Plus, the less healthy someone is, the more their insurance rate goes up. It is more beneficial to the individual that must pay for his health to learn healthy lifestyles earlier on. If they learn it early, then maybe they'll put it into practice later before it is too late, as it is for many people.

Obesity isn't a huge problem for Health Canada costs anyways. We're more worried about the aging population than the obese population.
Ragnar_Rahl
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7/8/2009 8:43:20 PM
Posted: 7 years ago
Letting all high school courses be optional will most likely make our population stupider and even less qualified for advanced positions than it is now.
Populations can't be stupid.

Attempting to prop up those within it who are by inclination stupid will perpetuate such stupidity. Much like evil cannot survive unmixed with the good, stupid cannot survive if you don't inject intelligence into it (in this caseat the cost of the intelligent whose taxes and whatnot go into it and whose time is wasted by requirements might I add.)
It came to be at its height. It was commanded to command. It was a capital before its first stone was laid. It was a monument to the spirit of man.
Volkov
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7/8/2009 8:54:50 PM
Posted: 7 years ago
At 7/8/2009 8:43:20 PM, Ragnar_Rahl wrote:
Attempting to prop up those within it who are by inclination stupid will perpetuate such stupidity. Much like evil cannot survive unmixed with the good, stupid cannot survive if you don't inject intelligence into it (in this case at the cost of the intelligent whose taxes and whatnot go into it and whose time is wasted by requirements might I add.)

The difference is that those that are by "inclination" stupid may not be stupid in certain areas, and those that are stupid in certain areas could use their basic knowledge of other subjects as a tool for furthering their own career or life.

My contribution to the mathematics world would be quite useless, but in literature and writing I could be quite useful.
Regardless of the fact that it took my exposure to high school courses to learn this, knowing basic things about math, science and other subjects I don't excel in cannot hurt the profession I choose to pursue.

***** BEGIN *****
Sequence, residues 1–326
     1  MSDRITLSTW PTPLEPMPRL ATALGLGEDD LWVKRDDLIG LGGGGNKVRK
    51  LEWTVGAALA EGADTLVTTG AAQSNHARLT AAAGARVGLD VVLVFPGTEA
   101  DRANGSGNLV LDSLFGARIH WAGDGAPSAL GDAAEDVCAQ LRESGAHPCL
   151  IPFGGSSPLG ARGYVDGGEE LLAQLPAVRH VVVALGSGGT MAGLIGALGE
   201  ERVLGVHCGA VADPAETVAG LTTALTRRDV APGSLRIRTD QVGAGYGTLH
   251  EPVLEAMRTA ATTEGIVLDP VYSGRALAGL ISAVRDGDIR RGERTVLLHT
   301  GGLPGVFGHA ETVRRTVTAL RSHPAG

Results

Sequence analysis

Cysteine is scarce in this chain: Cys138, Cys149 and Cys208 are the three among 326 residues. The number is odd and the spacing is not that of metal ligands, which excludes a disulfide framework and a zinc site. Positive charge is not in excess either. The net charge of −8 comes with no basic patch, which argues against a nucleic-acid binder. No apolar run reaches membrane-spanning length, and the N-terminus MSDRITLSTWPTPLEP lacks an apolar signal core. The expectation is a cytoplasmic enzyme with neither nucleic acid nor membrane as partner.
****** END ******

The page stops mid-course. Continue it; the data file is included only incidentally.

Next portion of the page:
For example, if I were to write a story about some breakthrough in the mathematics field, having knowledge of what the basics are in the field I am writing about can't hurt, and can in fact further my story.

A trucker can use the basic knowledge of math to understand the amount of storage available in his trailer, the weight of the products inside, how many kilometers it will take to get to his destination, etc. He could also use his basic knowledge of English to read a book, write out reports, etc etc etc.

To say such courses are not needed just because an individual may not excel in certain areas and that suddenly means they are a burden on the taxpayers, is ignoring certain facts about life and the application of your knowledge, whether you chose to learn that knowledge or not.
Ragnar_Rahl
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7/8/2009 9:12:32 PM
Posted: 7 years ago
At 7/8/2009 8:54:50 PM, Volkov wrote:
At 7/8/2009 8:43:20 PM, Ragnar_Rahl wrote:
Attempting to prop up those within it who are by inclination stupid will perpetuate such stupidity. Much like evil cannot survive unmixed with the good, stupid cannot survive if you don't inject intelligence into it (in this case at the cost of the intelligent whose taxes and whatnot go into it and whose time is wasted by requirements might I add.)

The difference is that those that are by "inclination" stupid may not be stupid in certain areas
The kind of stupid we are talking about here doesn't work that way, it's basically being lazy.


A trucker can use the basic knowledge of math to understand the amount of storage available in his trailer, the weight of the products inside, how many kilometers it will take to get to his destination, etc. He could also use his basic knowledge of English to read a book, write out reports, etc etc etc.
Neither basic knowledge of math, nor basic knowledge of English (which I agree schools should require of their students-- if students are permitted to opt out of being students altogether of course), is comparable to writing essays about the Literary History of the Left, aka high school English.
It came to be at its height. It was commanded to command. It was a capital before its first stone was laid. It was a monument to the spirit of man.